Reset Daily Devotional: Day 1

Introduction

 
A new year brings second chances, fresh starts, expectancy, anticipation, and hope. There’s just something about a year laid out before us. Who could we become? What could we accomplish? Who might we meet? What could be discovered? And sometimes, a new year also sparks fears about the future. Maybe we worry about being stuck, staying the same, meeting no one, discovering nothing. Maybe we fear sickness, job loss, financial problems, or family problems. Wherever you find yourself, we hope our new series, Reset, will help you do just that for 2018. Between weekend services, the small-group curriculum, classes, and this devotional, each of us has an opportunity to start this new year off refocused and renewed.
 
Our devotional will focus specifically on what God is doing to reset and renew all things, including our hearts and minds, and how we can join in His work. The author of the book of Revelation, John (the Apostle and Gospel writer), records these words from God: “Behold, I am making all things new” (Revelation 21:5 (ESV)). Knowing what we know and seeing what we see in our world—death, disease, suffering, tsunamis and hurricanes, broken relationships, aging bodies, and lonely, longing hearts—the idea that God is making all things new resonates deeply in all of us. We want to yell, “Yes! Please do! And do it soon!”
 
Over the next six weeks, and using this passage in Revelation as a jumping-off point, we will study many of the references in Scripture to the truth that God is, even now—whether we are hopeful or fearful—resetting and renewing all things. What is amazing among these passages is that the word for “new” in almost all of them doesn’t mean “freshly made” or “first created” but rather, “unprecedented,” “unheard of,” or “of a new kind.” 
 
So, for example, when Jesus talked about and initiated the “new covenant,” He was saying that the new agreement—that His sacrifice was good for all—was unprecedented and unheard of. When Jesus’ teaching and authority were called “new,” this meant they were “unprecedented” and “unheard of.” And, when God promises, “I am making all things new,” He is saying, “I am making all things unprecedented, unheard of!”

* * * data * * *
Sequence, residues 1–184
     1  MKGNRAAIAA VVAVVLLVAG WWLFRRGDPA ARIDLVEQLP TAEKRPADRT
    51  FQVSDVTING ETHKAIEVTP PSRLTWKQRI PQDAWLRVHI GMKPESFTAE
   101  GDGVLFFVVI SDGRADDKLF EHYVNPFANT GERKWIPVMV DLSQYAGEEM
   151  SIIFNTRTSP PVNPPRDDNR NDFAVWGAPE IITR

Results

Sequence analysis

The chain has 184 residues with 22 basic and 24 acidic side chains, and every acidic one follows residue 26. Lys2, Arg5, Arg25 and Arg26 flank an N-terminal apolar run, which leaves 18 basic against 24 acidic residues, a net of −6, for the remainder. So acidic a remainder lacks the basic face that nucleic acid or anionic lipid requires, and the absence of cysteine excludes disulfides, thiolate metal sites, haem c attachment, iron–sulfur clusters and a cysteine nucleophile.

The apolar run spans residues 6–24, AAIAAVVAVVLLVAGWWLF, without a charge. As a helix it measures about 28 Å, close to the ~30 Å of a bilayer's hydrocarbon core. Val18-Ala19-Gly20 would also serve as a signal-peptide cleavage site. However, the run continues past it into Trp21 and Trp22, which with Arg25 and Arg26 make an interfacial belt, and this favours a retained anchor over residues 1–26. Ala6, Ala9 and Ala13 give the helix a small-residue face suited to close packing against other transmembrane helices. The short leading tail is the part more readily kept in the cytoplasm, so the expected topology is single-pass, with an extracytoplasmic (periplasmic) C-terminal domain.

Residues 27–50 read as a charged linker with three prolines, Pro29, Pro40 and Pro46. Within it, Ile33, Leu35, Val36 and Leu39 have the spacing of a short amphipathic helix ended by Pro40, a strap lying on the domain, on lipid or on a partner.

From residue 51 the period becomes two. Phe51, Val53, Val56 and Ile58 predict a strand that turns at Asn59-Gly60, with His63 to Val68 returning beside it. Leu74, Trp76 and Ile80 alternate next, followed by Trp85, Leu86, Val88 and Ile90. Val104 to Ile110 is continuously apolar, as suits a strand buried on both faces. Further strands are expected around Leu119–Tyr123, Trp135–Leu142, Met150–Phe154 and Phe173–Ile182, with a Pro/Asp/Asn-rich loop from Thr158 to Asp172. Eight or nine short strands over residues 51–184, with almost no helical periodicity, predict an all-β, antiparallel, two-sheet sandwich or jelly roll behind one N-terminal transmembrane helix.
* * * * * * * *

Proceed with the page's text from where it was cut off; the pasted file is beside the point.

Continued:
A Prayer to Begin
 
Father, I long for the newness only You can bring. Not another fad or trend, but something that my mind cannot conceive. Something utterly unprecedented. Lead me into the hope of Your promises and the wonder of Your love. Help me to reset in You, to place my hopes and dreams, fears and worries, at Your feet. Open my eyes and allow me to see Your work in this world and in my soul to make all things new. Amen.

A City From God

Read Revelation 21:1–2 (ESV)
 
Then I saw a new heaven and a new earth, for the first heaven and the first earth had passed away, and the sea was no more. And I saw the holy city, new Jerusalem, coming down out of heaven from God, prepared as a bride adorned for her husband. 

Reflect 

  • If you allow your imagination to wander, what do you picture a “new,” never-before-seen earth to look like? What physical attributes, what people, animals?
     
  • Imagine the last bride you saw walking down the aisle toward her soon-to-be husband. What words come to mind?
     
  • What emotions are stirred in you when you read John’s revelation that there will be a new heaven, a new earth, and a new Holy City? 

Respond
 
Father, maker of all things, thank You for revealing what is to come. I cannot possibly comprehend all You are doing, but I long for this renewal. There is so much hurt and suffering here. Thank You that the pain of this world is only for a short time. Reset my heart and mind on this truth. Amen.


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